Why Bother With 1918?

In 1918, influenza was a pandemic killing millions world-wide. 600,000 Americans died. It was 102 years ago. So what? With a pandemic of our own in 2020, why bother with 1918?

Because, freakishly, a startling number of things that are striking us in 2020 happened also in 1918. For that reason it pays to know about 1918’s pandemic and how Americans dealt with crisis, tragedy, and struggle.

You’re not alone. It’s happened before.

You’re not alone. Your own family back then experienced it, too.

You’re not alone. If the problems are weirdly the same, then solutions, responses, and how to endure can look the same as well.

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In 1918 they argued over everything and often bitterly so, from wearing masks to finding a vaccine, from shutting down public life to knowing when to reverse the shutdown and open back up again.

In 1918 the victims and the stricken were often minorities, the poor, the isolated, the very vulnerable.

In 1918 public health officials became angry with people who wouldn’t listen to them and some people became angry with public health officials who told them what to do.

In 1918 people at first followed the rules and then, over time, became irritated at doing so.

In 1918 everything was disrupted and overturned, including school, sports, holidays and much more.

In 1918 racial tensions affected how people coped with the pandemic.

In 1918 there were events that caused some people to ignore everything and run into the streets to express their emotions, their feelings, their points of view.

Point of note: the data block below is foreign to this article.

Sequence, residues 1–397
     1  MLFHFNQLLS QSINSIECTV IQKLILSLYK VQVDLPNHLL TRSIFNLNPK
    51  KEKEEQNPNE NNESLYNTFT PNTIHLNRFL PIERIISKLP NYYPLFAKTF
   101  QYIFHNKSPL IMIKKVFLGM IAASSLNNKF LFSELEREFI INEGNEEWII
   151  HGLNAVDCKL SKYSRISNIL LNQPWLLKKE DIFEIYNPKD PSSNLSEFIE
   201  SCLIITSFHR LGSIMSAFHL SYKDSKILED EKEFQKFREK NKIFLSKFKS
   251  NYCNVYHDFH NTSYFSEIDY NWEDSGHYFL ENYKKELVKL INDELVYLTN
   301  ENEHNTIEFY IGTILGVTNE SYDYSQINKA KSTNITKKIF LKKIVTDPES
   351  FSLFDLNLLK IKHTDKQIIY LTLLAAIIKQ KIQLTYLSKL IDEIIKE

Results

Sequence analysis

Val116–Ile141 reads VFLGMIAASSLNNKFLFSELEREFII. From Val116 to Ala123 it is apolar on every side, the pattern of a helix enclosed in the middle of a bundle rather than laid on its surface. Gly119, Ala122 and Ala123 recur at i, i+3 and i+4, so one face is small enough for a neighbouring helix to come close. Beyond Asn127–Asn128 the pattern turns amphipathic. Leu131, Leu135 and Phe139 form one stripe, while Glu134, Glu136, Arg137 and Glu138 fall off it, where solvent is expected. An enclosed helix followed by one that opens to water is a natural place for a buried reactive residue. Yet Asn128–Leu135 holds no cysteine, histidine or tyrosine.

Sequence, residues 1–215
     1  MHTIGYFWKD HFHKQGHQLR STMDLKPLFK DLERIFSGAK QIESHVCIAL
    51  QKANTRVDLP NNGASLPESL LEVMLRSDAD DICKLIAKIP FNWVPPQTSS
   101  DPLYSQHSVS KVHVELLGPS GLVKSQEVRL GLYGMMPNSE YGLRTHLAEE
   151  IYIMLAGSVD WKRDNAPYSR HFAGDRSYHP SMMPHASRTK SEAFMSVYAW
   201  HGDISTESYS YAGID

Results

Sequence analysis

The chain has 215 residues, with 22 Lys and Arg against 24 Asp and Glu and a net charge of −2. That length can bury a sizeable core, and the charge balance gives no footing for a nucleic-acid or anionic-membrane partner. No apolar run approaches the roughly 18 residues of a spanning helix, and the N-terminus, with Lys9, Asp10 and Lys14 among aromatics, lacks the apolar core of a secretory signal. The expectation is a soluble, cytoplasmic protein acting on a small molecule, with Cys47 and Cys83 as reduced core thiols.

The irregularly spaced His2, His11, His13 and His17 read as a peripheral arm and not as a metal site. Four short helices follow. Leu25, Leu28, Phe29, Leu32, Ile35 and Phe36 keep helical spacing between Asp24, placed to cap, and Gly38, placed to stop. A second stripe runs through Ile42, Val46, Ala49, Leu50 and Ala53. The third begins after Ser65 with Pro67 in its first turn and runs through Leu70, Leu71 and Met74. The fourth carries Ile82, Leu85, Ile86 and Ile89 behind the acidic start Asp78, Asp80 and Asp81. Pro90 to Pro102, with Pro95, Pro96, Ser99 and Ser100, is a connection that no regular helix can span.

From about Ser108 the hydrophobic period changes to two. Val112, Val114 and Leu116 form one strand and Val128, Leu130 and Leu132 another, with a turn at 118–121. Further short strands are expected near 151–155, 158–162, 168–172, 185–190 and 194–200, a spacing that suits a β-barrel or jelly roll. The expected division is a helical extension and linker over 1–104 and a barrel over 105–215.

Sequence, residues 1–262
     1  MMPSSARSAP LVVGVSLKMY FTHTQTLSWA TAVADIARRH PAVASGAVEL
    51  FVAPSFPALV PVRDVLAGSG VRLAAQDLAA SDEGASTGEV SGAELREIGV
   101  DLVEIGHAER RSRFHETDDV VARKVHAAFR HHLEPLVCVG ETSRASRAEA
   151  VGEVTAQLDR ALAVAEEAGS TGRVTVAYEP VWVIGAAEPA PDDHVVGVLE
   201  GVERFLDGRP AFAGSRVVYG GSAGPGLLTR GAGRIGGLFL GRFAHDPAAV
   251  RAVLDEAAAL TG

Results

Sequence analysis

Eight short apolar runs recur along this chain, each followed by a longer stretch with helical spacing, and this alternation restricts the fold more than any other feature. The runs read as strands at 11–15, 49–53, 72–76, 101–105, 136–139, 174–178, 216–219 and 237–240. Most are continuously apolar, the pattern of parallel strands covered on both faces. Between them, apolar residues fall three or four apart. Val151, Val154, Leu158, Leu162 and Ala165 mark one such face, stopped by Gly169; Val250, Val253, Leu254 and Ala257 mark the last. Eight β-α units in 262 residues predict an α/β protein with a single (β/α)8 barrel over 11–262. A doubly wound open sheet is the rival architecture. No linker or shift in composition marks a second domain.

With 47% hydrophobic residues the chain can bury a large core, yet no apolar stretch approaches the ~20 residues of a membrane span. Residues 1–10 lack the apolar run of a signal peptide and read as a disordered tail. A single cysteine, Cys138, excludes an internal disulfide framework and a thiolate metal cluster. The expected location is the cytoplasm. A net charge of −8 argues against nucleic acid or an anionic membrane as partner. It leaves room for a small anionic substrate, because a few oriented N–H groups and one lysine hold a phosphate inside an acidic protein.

In 1918 people suffered and died and there was hardly anything anyone could do about it.

In 1918 people tried all sorts of remedies and treatments.

In 1918 people experienced the pandemic at the same time they grappled with major public and political issues that already divided them and left them upset with each other; it’s not just the sickness, it’s the sickness and the issues together; it’s a phenomenon best called “warfluenza” because of the World War.

In 1918 the pandemic acted differently and affected people differently from town to town, city to city, state to state, and region to region.

In 1918 the national government proved largely ineffective in dealing with the pandemic, while most people looked to their local and state governments for answers and solutions.

In 1918 the pandemic came in waves and lasted a long time.

In 1918 it was nearly impossible to tell which statistics were true, which were consistent, and which were reliable.

In 1918 media reports were wildly contrasting, depicting totally different realities.

In 1918 the pandemic didn’t care about or respect anything—anyone could get sick, anyone could die, anyone might or might not recover, and sometimes whole families were affected.

In 1918 some people tried to make money off the pandemic.

In 1918 people might panic and buy up items, leaving empty store shelves.

And this is why I’ve unearthed true stories of what Americans did in the 1918-1920 pandemic. Their stories are our stories, in tragedy and triumph, for better and worse, through the darkness and the light. What’s next in 2020? They are, from 1918, and 1919, and 1920.

To see entries thus far in my “Today In 1918” series, go here http://historicalsolutions.com/1918-pandemic/

Comments

  1. Holly Chamberlain says

    This pithy summation of all you have written lays out the comparisons clearly. Persistence, fact seeking, and resilience remain useful tools for getting through troubled times, as does history. Thank you.

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